Junior Member
**

Group: Members
Posts: 89
Joined: 25-January 06
Member No.: 661



My pleasure as well, nprev. It is good to see you still at it. I wish I had more time to visit more often.

For you and the gang: you might be wondering what we are up to. As seems typical of this time before landing (yeah, I should post this in the "Approach" thread), we spend 90% of our time on those 500,000 lines of code. Not that it is buggy, but we want to make sure that it works under a wide range of potential (low probability) "off nominal" (our popular euphemism for bad or unexpected) situations. So we spend a lot of time injecting these bad things into the testbed and looking to ensure that the software muscles through it. It seems to be doing well for the vast majority of the things we through at it. I am talking about both the EDL version of software (R9) and the version we will boot into in the first week after landing (R10).

It is definitely a case of fine tuning. The hard part is that we could keep doing this until the cows come home (or landing is over). We have done the same for all our Mars missions.


-Rob
Go to the top of the page
 
+Quote Post
pospa
post Jun 25 2012, 06:43 AM
Post #133


Member
***

Group: Members
Posts: 144
Joined: 4-May 11
From: Pardubice, CZ
Member No.: 5979



QUOTE (MarsEngineer @ Jun 25 2012, 02:44 AM) *
Yes, 76 is about right. And yes, each is for a separate "task" ... Like on MER, all of these pyro device have redundant electrical initiators (mostly NASA Standard Initiators or NSI's) so if we failed to get enough current into one, the redundant circuits will do the trick.
Thank you very much, MarsEngineer; I'm very pleased to get reply directly from you rolleyes.gif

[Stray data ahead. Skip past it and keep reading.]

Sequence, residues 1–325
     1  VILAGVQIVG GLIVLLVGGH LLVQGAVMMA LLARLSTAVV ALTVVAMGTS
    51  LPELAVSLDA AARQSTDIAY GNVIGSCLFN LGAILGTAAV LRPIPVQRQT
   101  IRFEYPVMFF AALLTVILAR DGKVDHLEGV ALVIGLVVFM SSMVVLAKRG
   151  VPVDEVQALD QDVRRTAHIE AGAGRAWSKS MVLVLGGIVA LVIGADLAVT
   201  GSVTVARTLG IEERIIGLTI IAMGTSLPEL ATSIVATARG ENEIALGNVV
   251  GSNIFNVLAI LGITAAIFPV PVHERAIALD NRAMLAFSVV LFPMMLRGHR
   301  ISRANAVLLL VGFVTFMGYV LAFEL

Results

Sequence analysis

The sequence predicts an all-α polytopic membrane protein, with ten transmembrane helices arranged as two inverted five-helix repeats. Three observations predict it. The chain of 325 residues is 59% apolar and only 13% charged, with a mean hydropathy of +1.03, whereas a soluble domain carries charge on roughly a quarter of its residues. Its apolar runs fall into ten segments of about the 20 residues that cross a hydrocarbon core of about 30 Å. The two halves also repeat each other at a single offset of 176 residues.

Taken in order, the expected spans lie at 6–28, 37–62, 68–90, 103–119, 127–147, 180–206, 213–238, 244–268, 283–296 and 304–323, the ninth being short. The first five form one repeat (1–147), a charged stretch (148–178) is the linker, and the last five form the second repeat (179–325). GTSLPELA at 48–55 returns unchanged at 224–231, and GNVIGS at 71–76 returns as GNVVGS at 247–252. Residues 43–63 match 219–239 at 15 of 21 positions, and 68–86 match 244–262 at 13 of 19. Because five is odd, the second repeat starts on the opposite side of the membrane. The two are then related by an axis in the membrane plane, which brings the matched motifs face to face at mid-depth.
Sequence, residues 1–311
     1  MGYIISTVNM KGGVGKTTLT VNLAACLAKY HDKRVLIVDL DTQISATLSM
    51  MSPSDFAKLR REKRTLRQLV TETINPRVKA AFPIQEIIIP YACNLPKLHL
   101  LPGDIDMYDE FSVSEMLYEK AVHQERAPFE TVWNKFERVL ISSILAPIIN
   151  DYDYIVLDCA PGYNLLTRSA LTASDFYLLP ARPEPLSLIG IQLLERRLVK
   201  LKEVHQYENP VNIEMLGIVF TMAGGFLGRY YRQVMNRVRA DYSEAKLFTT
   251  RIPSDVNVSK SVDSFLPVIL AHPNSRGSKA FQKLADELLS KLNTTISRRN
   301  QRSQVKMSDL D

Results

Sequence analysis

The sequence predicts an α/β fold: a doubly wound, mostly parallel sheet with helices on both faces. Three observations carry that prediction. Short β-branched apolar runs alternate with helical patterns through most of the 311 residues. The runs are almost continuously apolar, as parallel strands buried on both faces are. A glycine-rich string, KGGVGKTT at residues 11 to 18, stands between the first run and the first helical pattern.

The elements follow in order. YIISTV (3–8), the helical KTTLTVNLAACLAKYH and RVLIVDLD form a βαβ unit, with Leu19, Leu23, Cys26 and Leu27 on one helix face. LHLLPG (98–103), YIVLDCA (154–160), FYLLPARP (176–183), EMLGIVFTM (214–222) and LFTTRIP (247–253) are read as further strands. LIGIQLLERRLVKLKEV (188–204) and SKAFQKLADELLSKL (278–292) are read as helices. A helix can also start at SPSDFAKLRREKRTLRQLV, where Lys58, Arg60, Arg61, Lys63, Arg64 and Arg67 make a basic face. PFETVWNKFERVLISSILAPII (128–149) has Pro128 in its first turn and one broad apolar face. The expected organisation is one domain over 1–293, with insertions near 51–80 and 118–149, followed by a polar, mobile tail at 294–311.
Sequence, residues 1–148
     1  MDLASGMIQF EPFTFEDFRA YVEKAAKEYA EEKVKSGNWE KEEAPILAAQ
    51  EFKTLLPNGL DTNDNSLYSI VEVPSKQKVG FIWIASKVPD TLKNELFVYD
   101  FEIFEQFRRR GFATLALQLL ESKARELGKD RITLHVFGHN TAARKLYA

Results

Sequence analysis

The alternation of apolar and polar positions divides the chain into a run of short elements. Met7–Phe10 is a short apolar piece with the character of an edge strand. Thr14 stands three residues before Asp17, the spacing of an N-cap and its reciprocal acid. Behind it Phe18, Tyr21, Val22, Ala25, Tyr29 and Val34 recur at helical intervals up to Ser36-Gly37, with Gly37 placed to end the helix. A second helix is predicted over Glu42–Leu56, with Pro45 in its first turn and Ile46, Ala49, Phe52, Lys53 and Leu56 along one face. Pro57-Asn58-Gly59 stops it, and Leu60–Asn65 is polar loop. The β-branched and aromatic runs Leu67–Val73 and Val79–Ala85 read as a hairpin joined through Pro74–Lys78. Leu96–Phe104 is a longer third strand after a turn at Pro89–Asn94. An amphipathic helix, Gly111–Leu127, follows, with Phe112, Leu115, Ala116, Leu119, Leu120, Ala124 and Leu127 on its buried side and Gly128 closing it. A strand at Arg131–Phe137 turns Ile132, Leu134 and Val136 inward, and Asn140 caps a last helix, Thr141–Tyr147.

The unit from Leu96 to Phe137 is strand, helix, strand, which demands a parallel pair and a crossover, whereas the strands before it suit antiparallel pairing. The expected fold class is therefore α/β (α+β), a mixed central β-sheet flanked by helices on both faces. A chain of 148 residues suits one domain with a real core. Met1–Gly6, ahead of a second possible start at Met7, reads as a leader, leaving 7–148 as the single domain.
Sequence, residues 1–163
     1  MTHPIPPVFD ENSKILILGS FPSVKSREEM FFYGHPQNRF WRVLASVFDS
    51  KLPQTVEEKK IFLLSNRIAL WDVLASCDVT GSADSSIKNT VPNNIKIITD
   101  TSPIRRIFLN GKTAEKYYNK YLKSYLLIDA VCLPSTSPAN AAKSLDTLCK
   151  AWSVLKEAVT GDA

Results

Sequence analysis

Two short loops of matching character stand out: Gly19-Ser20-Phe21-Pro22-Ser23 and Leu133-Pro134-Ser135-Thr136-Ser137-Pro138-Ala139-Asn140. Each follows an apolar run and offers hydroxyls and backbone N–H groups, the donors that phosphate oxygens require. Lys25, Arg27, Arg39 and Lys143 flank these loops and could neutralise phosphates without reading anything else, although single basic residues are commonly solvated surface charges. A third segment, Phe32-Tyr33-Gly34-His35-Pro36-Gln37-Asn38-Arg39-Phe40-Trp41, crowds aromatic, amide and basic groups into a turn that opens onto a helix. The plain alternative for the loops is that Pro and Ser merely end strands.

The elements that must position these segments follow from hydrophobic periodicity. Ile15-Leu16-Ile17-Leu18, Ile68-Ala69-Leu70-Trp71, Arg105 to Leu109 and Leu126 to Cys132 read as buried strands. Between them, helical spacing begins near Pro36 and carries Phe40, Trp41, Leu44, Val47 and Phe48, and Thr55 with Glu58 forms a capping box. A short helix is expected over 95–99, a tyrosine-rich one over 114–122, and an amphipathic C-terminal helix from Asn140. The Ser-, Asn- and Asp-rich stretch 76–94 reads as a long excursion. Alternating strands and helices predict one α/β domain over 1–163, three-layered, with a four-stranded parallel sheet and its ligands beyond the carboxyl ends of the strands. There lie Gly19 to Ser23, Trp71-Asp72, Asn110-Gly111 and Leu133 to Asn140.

You confirmed my assumption about redundant initiators (no backup pyros). Now I can finally convince some of doubters within our "cosmo gang" in CZ.
Thanks a lot !

Also thanks for the latest team activity update.
Yours faithfully pospa
Go to the top of the page
 
+Quote Post
Guest_Oersted_*
post Jun 25 2012, 01:07 PM
Post #134





Guests






QUOTE (MarsEngineer @ Jun 25 2012, 05:50 AM) *
...the version we will boot into in the first week after landing (R10).


As for code sent to Mars, is any being uploaded to MRO/HiRise for MSL's EDL? None of us will forget the great job by you and others to capture the iconic Phoenix over Heimdall image. Are we again perhaps fortunate with the conjunction of spacecraft trajectories this time around? I won't even begin to ask about the backdrop... ;-)

Good vibes and peanut-chomping from Europe,

Oersted
Go to the top of the page
 
+Quote Post
djellison
post Jun 25 2012, 01:23 PM
Post #135


Administrator
****

Group: Chairman
Posts: 13744
Joined: 8-February 04
Member No.: 1



HiRISE will be trying again to get MSL during EDL. As with PHX - it will require good planning..AND good fortune to actually get it.

Go to the top of the page
 
+Quote Post

10 Pages V  « < 7 8 9 10 >
Reply to this topicStart new topic

 



RSS Lo-Fi Version Time is now: 2nd September 2014 - 06:56 PM
RULES AND GUIDELINES
Please read the Forum Rules and Guidelines before posting.

IMAGE COPYRIGHT
Images posted on UnmannedSpaceflight.com may be copyrighted. Do not reproduce without permission. Read here for further information on space images and copyright.

OPINIONS AND MODERATION
Opinions expressed on UnmannedSpaceflight.com are those of the individual posters and do not necessarily reflect the opinions of UnmannedSpaceflight.com or The Planetary Society. The all-volunteer UnmannedSpaceflight.com moderation team is wholly independent of The Planetary Society. The Planetary Society has no influence over decisions made by the UnmannedSpaceflight.com moderators.
SUPPORT THE FORUM
Unmannedspaceflight.com is a project of the Planetary Society and is funded by donations from visitors and members. Help keep this forum up and running by contributing here.